Telly Leung - Co-Host
TELLY LEUNG is a Chinese-American, New York City native, Broadway & television performer, recording artist, producer, director, theater arts teacher & coach.
His Broadway & national touring performing credits include Aladdin in Disney's "Aladdin" on Broadway, “In Transit”, “Allegiance” (with George Takei & Lea Salonga), “Godspell”, “Rent” (final Broadway company), “Wicked” (Boq, original Chicago company), “Pacific Overtures”, and Rodgers & Hammerstein’s “Flower Drum Song”. In 2010, he starred as Angel in “Rent” at the Hollywood Bowl opposite Wayne Brady, directed by Neil Patrick Harris. Television audiences will remember him as Marcel in season 3 of "Warrior" (HBO Max), Wes the Warbler on “Glee", as well as his guest star appearances on "Instinct", “Odd Mom Out,” “Deadbeat” and “Law and Order: Criminal Intent.” Telly is featured as a performance coach for the Jimmy Awards in the PBS documentary, "Broadway or Bust".
His producing credits include the concert series “Broadway Back Together”, the musical shortfilm“Grind” (starring Anthony Rapp),“The Nice List”(a virtual holiday musical for the whole family), and the documentary “Ensemble”, which chronicles the lives of 13 Broadway performers on the one-year anniversary of the Broadway shutdown during the Covid-19 pandemic. He has created live concert events for corporate events (including Elliott Masie’s 2013 Learning conference in Orlando and Marshall Goldsmith's MG100 conference in Nashville in 2023) as well as virtual events for major international corporations (Heidrick & Struggles, Herman Miller) and notable non-profit organizations (Broadway Cares Equity Fights AIDS, The Fund for College Auditions, Shelter From the Storm, Cancer Support Community).
He holds a BFA from Carnegie Mellon University's School of Drama. He has taught master classes and theater courses at American universities like NYU’s New Studio on Broadway at Tisch, The University of Michigan, Carnegie Mellon University, Nazareth College and Point Park College. He has also been a guest teacher at drama programs all over the world at studios in London, Edinburgh, and Tokyo. His role as an educator in the performing arts extends to the business world with private coaching for executive clients on communication, storytelling, and presentation skills.
In 2019, he partnered with e-learning leader Elliott Masie to create “Storytelling & Broadway”, a series of interactive and skill-focussed workshop experiences with business & learning professionals. In April 2020, he created “Empathy”, a free and on-going virtual concert-and-conversation series presented live with Broadway performers and learning leaders from major corporations (McDonald’s, Zoom, Land O’Lakes, Comcast) to exchange ideas and techniques about the role of empathy in our ever-changing world. He is the co-author of “Empathy eBook: Empathy in the Workplace & Workforce”, a real-time collection of learning and business colleague perspectives, frustrations, aspirations, and predictions about empathy in the workplace. As a corporate coach he has collaborated with top CEO coaches Mark Thompson & Marshall Goldsmith (MG100) to bring his unique perspectives as an artist and thought leader to CEOs & top executives at Intel, Unifi, Rady Children’s Hospital, and more.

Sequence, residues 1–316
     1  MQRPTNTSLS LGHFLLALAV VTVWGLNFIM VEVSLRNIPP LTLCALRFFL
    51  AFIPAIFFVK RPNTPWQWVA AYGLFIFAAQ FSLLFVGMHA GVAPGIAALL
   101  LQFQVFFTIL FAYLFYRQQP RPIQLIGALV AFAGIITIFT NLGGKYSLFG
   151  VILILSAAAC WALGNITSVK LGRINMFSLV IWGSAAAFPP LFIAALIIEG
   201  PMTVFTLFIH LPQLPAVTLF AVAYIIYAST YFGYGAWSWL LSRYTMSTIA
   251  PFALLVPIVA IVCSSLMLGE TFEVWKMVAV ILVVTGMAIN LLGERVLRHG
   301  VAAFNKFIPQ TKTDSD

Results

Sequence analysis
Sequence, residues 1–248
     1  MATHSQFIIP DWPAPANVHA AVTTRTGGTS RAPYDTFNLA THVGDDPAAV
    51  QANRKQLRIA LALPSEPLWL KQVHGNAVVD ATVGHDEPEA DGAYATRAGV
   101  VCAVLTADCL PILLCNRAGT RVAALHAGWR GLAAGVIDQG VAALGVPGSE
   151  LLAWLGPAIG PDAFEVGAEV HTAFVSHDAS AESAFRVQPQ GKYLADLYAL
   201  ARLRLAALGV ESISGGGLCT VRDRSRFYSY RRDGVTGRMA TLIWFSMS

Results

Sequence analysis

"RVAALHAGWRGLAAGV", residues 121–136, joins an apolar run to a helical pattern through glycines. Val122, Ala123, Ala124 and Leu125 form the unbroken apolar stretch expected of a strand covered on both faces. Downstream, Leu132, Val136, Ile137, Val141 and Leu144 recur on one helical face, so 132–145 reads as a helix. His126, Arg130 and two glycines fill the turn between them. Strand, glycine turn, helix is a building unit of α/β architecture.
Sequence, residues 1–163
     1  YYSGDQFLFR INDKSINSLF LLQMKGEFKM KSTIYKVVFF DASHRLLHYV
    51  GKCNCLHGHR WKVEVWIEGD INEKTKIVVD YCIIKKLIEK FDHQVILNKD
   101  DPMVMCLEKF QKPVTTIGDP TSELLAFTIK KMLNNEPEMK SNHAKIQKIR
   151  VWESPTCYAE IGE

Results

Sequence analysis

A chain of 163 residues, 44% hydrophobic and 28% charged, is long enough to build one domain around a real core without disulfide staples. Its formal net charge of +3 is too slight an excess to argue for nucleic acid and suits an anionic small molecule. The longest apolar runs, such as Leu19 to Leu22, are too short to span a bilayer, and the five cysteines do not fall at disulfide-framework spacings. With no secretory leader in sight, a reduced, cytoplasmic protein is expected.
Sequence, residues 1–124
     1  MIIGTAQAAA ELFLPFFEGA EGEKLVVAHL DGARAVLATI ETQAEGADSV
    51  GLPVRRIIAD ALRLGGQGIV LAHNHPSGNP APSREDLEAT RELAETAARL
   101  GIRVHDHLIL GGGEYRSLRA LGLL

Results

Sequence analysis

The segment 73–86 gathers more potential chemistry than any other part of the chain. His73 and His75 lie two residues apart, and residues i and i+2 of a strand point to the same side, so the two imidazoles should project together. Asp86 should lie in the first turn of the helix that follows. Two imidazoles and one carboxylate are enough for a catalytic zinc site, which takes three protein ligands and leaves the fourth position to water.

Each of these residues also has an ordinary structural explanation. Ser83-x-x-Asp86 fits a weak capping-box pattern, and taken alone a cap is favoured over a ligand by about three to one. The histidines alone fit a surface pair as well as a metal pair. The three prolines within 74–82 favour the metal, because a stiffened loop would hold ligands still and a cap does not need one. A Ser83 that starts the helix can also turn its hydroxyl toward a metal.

Telly currently lives in Harlem in New York City with his husband, James.
Telly & Cher!
From Marshall Goldsmith:
"The actor and singer Telly Leung perfectly describes the mental process of compartmentalizing our empathy and being present. Telly was the star of the long-running Broadway hit Aladdin for two years straight. Talking about how he maintained his motivation and energy eight times a week for two years as the title character in a physically demanding production, he broke down his empathy into two parts:
First, there was his emotional empathy with the audience watching him perform. “I was a little eight-year-old boy the first time I saw a play,” Telly said. “I was mesmerized by the music, the singing, the dancing, and the joy. I carry the memory of that experience with me to every performance. When I go out on that Broadway stage, I think of ‘little Telly’ and imagine the emotions of some eight-year-old boy or girl sitting in the audience that night. I want that young person to feel what I felt. Every night, I tell myself, ‘This show is for you!’ ”
Second is what Telly calls “authentic empathy,” which is a respect for his colleagues when they’re performing together. It’s a display of professionalism that keeps him focused and “in character” for every moment of each performance. An actor trying to do his best onstage cannot afford to check out mentally or emotionally for a single second.
“In the two hours I was onstage in the role of Aladdin,” Telly told me, “I had to demonstrate many extremely different emotional reactions. I had to be happy, sad, in love, rejected, serious, lighthearted, angry, and funny. I had to connect emotionally with the other actors. I had to demonstrate empathy for them every second I was onstage. Every night I had to fall in love with Princess Jasmine—and I did! When the curtain fell, I immediately shut that feeling down until the next show. Then I went home where I could resume being in love with my husband."